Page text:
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Though we believe jiu jitsu to be a complete self-defence art, there’s no denying the benefits of cross training in order to make your competition game more complete. So, should you be focussing on judo, or wrestling?

For many, judo considered a more athletically pleasing form of grappling than wrestling; there’s an emphasis on timing, technique and perhaps a little finesse that isn’t as prominent in the wrestling room. Despite this, if we were to choose just one discipline to study in order to support our jiu jitsu, it would be wrestling, and here’s why…

Wrestling practices are gruelling and physically exhausting on an unrivalled level, which is why the athletes are generally known to be cardio machines with unbreakable willpower. As jiu jitsu fighters, joining a wrestling class will not only give you the opportunity to develop your takedowns, but will give you valuable insight into a new level of physicality that can be applied to your grappling. Wrestling, on the whole, is a physically tougher sport than jiu jitsu, and we can learn a lot from embracing a wrestling training mentality.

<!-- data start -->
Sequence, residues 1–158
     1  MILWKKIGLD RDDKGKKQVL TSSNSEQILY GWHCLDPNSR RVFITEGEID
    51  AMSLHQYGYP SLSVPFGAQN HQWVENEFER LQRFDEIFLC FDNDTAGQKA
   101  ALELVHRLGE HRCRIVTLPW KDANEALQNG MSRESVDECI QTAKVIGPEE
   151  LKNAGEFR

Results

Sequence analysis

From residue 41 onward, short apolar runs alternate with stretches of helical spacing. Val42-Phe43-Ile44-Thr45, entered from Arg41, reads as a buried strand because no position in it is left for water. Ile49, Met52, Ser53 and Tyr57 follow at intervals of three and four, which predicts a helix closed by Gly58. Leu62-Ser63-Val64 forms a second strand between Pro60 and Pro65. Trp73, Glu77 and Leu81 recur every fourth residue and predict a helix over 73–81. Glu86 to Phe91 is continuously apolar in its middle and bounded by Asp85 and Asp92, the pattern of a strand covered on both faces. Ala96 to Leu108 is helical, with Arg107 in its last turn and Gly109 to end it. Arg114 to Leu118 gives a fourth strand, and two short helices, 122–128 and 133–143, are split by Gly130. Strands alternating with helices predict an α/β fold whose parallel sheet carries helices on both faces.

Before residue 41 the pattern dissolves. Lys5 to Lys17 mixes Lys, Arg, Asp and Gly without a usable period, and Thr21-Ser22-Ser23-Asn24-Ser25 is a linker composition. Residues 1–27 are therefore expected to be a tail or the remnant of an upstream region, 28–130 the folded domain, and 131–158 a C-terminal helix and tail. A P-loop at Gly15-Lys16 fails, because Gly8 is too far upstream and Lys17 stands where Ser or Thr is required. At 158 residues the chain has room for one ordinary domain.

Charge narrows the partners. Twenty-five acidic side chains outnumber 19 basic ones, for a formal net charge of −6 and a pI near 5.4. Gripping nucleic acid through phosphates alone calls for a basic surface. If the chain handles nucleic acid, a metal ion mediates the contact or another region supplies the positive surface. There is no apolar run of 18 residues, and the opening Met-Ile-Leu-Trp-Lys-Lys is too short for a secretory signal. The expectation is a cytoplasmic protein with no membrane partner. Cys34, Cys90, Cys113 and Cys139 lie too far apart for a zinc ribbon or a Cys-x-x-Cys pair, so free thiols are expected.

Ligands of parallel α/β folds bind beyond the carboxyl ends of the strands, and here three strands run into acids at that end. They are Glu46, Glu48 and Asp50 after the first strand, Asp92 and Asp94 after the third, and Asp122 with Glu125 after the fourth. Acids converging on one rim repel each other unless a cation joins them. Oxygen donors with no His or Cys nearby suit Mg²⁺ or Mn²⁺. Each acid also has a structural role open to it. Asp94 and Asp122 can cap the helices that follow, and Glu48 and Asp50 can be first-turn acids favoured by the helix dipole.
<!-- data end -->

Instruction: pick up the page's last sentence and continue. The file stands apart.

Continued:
Wrestling has an obvious benefit over judo in that in doesn’t require a kimono to be applicable, meaning you can translate your new abilities into both gi and nogi situations. Now that’s not to say that judo doesn’t translate to nogi, but wrestling is a better fit for someone looking to develop skills they can use in all areas of jiu jitsu.

For us, elite level judo is poetry in motion, and mastering elements of judo to add to your jiu jitsu creates the ‘ideal’ amalgamation of skills in a kimono. However, we all know there’s only so many hours in the day, so wrestling becomes the ‘one size fits all’ option for competitors – especially when you throw mixed martial arts into the equation.   

For all the wrestlers reading this, they’ll no doubt take offence to the idea that their sport isn’t as aesthetically pleasing as judo, so here’s a couple of awesome highlight reels that champion both arts.



October 16, 2019 — Jiu Jitsu Style